From NBC's Ken Strickland
The Administration and Senate Democrats are suggesting their budget outlines are in sync in addressing the White House's priorities. This morning, OMB Director Peter Orszag said, "The resolutions may not be identical twins to what the president submitted, but they are certainly brothers that look an awful lot alike."
In fact, it's more like they have different fathers.
Here's why: While the Senate version is supportive of most of the president's programs, it stops well short endorsing the administration's tactics for enacting them into law. For example, the Senate budget supports the broad idea of a health-care reserve fund, but it doesn't make "assumptions" about how it will be paid for or even how much it should be.
While the budget itself is a non-binding document, those written assumptions -- in the form of how much to spend on a specified programs -- give Congress clear guidance on how to move forward on things like spending, taxes, and even policy. But because Budget Committee Chairman Kent Conrad did NOT make concrete recommendations about cost -- which he could have done -- it could be argued that Conrad is rejecting the president's budget. That's half right.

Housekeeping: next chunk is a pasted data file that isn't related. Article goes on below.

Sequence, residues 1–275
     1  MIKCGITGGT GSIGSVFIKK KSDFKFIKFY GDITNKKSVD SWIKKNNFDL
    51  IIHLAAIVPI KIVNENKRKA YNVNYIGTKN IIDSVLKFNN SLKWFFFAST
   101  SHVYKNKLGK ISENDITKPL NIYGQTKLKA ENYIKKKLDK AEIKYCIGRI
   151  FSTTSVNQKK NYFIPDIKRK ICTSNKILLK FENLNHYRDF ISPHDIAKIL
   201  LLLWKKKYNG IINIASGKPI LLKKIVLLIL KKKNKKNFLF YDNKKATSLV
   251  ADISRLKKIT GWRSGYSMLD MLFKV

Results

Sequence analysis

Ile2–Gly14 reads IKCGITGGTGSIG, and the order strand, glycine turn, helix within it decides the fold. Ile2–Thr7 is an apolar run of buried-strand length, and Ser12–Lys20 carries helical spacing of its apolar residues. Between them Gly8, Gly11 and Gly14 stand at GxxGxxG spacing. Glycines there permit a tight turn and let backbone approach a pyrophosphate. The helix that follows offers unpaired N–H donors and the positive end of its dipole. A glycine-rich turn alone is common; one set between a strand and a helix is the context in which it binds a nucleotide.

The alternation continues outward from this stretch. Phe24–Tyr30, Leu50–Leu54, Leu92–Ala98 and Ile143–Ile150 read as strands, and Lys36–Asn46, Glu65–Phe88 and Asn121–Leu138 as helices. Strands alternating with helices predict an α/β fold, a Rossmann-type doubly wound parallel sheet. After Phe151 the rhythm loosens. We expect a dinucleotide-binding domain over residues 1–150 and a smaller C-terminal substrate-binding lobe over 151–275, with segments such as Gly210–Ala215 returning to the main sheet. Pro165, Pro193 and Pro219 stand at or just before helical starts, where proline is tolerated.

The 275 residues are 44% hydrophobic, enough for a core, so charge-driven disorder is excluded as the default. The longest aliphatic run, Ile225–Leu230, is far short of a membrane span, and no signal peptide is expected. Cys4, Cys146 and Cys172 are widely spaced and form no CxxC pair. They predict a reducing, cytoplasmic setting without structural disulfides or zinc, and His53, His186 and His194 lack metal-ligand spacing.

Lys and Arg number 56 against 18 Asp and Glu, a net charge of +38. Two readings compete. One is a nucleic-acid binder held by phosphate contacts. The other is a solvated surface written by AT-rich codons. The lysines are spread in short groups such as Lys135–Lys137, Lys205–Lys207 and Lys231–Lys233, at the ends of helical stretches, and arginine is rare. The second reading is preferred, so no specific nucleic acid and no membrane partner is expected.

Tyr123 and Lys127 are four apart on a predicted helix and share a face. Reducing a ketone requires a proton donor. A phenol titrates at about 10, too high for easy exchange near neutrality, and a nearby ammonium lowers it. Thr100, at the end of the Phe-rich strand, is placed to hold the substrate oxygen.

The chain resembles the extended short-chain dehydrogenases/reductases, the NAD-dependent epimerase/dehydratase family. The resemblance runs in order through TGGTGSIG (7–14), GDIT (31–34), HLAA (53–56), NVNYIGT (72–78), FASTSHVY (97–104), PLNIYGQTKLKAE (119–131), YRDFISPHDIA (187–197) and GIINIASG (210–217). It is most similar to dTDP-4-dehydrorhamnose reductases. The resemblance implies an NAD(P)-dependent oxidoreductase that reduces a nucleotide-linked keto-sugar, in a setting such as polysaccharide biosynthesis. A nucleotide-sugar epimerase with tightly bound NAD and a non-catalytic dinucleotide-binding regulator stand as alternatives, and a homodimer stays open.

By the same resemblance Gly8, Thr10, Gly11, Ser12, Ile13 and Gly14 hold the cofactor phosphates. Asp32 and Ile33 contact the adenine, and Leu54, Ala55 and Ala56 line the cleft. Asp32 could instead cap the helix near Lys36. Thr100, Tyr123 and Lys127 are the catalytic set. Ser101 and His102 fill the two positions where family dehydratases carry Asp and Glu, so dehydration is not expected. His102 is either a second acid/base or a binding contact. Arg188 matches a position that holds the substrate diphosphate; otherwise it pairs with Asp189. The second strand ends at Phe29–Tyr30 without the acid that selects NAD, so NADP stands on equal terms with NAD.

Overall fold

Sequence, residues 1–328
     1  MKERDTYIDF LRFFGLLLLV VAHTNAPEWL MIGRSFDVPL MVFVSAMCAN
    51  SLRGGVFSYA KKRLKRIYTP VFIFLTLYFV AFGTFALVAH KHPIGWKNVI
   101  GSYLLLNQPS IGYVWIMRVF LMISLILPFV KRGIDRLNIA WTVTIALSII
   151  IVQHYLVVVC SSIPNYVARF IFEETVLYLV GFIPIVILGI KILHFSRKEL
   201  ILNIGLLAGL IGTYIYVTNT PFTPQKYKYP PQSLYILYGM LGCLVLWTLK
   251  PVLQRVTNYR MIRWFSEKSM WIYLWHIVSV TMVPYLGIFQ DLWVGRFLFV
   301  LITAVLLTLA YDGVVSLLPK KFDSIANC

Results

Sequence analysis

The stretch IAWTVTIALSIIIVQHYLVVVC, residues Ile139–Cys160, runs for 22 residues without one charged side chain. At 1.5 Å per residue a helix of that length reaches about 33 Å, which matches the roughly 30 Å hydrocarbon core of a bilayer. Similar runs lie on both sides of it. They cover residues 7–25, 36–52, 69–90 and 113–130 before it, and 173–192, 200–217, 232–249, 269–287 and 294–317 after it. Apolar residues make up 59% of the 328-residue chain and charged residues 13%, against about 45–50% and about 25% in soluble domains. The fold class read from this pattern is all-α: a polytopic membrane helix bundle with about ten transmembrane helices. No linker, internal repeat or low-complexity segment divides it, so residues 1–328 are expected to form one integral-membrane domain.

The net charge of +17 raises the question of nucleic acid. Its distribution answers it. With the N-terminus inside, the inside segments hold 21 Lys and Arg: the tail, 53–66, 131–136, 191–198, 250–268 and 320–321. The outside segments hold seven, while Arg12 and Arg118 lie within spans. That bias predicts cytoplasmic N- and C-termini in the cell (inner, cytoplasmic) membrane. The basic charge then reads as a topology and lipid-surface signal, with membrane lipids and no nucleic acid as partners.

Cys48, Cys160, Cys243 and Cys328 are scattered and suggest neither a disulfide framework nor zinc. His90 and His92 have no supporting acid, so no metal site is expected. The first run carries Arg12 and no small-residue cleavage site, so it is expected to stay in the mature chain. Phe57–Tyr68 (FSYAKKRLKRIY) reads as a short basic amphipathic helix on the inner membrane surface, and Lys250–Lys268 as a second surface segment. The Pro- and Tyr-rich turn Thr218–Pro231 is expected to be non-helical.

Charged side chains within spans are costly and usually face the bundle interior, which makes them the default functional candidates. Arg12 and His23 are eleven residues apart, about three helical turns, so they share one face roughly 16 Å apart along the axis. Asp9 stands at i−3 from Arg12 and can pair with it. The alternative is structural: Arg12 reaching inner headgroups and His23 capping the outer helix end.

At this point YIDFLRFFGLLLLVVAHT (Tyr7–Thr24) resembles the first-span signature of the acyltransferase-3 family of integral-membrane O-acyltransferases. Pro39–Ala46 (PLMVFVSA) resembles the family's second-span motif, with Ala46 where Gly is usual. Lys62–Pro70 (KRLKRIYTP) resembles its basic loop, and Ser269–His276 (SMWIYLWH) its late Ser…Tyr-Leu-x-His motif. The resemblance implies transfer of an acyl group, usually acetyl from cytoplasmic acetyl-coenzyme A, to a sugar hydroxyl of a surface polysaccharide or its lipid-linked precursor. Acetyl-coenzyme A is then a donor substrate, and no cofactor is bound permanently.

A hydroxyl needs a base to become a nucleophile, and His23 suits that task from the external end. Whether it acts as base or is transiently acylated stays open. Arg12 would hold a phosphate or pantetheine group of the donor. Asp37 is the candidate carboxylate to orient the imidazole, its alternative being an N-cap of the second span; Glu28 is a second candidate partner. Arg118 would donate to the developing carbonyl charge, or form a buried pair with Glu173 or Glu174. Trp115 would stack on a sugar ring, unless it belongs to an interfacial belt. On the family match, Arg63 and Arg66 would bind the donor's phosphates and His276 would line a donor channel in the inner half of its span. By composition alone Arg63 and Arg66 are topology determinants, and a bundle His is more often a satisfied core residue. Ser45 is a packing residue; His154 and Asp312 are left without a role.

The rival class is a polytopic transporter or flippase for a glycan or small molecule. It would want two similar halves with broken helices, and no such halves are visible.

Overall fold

On the other side of the argument, Budget Committee Democrats argue that their budget does not prohibit Congress from following through on the president's plans. At the end of the day, there can still be a $600 billion health-care reserve that's paid for, in part, by reducing itemized deductions. And there could still be a cap-and-trade program that pays for making Obama's tax cuts permanent.
Writing the budget this way does a couple of things. First, it keeps Democrats from backing themselves into a corner, because some of them don't support all of Obama's proposals; this way there's wiggle room for compromise later on other tough issues. And second, by not committing to hard numbers -- numbers in the billions -- Conrad's budget is more fiscally responsible and produces larger deficit reductions.